ATLANTA — Poor prediction of space weather -- sun spots, solar flares and coronal mass ejections -- could lead to a devastating failure of North America's electrical grid.
Severe Weather Team 2 Chief Meteorologist Glenn Burns traveled to the Mount Wilson Observatory in the Los Angeles National Forest to learn how Georgia State University astronomers' research could lead to advanced forecasting.
Overlooking Los Angeles, the path's 112-year-old observatory has been traveled by science greats such as Albert Einstein, Stephen Hawking and even Edwin Hubble.
They are the same paths that solar observer Steve Padilla takes to work every day.
He showed Burns how he's been watching the sun for more than 40 years.
"Any sunspots today?" Burns asked.
"There's two sunspot groups," Padilla explained.
Padilla hand-draws sun spots, dark patches of magnetic activity. Some are larger than Jupiter.
"The greater the sunspot, the greater the chances it could be an active region where there's things happening," Padilla told Burns. "The effects of these solar events can have a significant effect on the whole earth."
Effects Dr. Piet Martens at Georgia State University said solar events could have disastrous impacts on Earth.
"The very worst thing that could happen is a solar explosion that is right directed at the Earth," Martens said. "(It) would be a really giant national disaster with a lot of human suffering."
Martens said effects on satellites, GPS and even North America's power grids could mean trillions of dollars in damage, and could take months to repair. He said better forecasting could mitigate much of the damage.
"The hardest thing for solar flares is, just like earth quakes, actually is predicting exactly when they are going to happen," Martens said.
Georgia State researchers are improving forecasting by creating prediction models using data analytics.
He said studying other stars would help.
With a new grant, Georgia State will be combining their computer science and astronomy programs to form a Solar Stellar Informatics program focusing on space weather and space climate.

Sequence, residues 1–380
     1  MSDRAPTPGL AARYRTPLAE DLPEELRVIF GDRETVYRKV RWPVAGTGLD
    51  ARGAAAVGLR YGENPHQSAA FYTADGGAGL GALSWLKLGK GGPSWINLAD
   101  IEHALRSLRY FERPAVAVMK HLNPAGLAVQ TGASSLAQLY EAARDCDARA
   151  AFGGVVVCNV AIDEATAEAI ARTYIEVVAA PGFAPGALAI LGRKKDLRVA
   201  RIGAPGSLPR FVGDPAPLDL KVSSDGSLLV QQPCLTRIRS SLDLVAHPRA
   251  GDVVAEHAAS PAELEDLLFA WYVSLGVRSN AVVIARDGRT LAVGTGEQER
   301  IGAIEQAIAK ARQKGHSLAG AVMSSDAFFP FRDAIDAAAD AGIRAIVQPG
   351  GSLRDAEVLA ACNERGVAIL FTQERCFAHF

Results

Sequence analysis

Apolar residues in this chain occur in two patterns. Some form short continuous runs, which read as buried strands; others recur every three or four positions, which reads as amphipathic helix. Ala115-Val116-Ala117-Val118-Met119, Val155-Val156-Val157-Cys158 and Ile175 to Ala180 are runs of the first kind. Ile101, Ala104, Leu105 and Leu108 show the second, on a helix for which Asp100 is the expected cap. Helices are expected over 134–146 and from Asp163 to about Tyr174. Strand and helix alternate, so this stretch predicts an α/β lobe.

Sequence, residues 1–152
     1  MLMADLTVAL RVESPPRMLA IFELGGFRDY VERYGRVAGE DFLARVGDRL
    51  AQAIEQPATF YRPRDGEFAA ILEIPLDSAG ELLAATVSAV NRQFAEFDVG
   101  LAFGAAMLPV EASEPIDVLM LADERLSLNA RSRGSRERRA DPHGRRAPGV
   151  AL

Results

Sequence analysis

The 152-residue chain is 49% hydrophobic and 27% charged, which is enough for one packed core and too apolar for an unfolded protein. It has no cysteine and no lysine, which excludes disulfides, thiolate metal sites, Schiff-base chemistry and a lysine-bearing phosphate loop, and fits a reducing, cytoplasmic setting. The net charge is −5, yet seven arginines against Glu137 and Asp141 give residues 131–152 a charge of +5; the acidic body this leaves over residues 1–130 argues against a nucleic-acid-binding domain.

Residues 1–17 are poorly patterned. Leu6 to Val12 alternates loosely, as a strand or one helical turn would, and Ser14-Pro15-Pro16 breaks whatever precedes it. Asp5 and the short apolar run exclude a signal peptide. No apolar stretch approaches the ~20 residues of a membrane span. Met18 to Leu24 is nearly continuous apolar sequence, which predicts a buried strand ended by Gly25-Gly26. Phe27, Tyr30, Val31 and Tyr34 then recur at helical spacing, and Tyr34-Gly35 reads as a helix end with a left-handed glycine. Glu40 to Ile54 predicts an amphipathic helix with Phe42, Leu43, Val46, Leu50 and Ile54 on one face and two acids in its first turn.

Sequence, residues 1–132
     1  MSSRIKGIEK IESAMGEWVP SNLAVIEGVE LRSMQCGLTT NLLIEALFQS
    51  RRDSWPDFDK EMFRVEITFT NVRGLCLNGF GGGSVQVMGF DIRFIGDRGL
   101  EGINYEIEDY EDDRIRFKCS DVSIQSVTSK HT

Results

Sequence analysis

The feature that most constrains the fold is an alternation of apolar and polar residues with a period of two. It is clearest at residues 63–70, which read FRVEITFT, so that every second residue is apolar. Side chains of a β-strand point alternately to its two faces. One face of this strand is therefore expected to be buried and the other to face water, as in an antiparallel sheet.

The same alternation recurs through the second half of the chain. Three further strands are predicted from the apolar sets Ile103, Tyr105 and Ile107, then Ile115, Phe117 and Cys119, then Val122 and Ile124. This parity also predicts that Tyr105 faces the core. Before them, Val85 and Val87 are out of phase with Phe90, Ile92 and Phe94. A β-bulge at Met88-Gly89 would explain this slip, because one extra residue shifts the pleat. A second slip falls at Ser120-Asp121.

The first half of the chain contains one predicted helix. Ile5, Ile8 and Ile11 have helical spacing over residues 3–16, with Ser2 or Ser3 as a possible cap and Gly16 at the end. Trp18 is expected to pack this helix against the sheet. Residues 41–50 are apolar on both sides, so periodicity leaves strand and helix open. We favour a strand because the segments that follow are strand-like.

Even the White House has an action plan to promote an international effort on better forecasting.
"We learn more about the sun by looking at stars like the sun," Martens said.
In the shadow of Mount Wilson's century-old telescopes is the Center for High Angular Astronomy (CHARA) array, operated by Georgia State University. The array uses six telescopes to make some of the highest resolution images of stars ever seen.
"You could measure a dime from ten thousand miles away," CHARA Director Dr. Theo ten Brummelaar explained to Burns about the power of the array.
"Seriously?" Burns asked.
"You could see a footprint on the moon," ten Brummelaar said.
Ten Brummelaar said the $50 million facility's ability to observe space weather on other stars will help scientists understand the sun's weather cycle.
"It's impossible to build a 300-meter telescope," ten Brummelaar explained. "So, we place single telescopes around, we bring the light together in a central building."
From six custom telescopes, light from stars passes through more than 20 mirrors, through vacuum tubes and into the array's beam lab, combining starlight into one picture.
"Every pair of telescopes you use gives you another slice of the star," CHARA research scientist Gail Schaefer told Burns as she showed him the beam combining lab. "As the earth rotates, your projection onto the star moves, so then you can build up enough information to reconstruct an image of what the star actually looks like."
Images that researchers hope will help us understand the power of our own sun.
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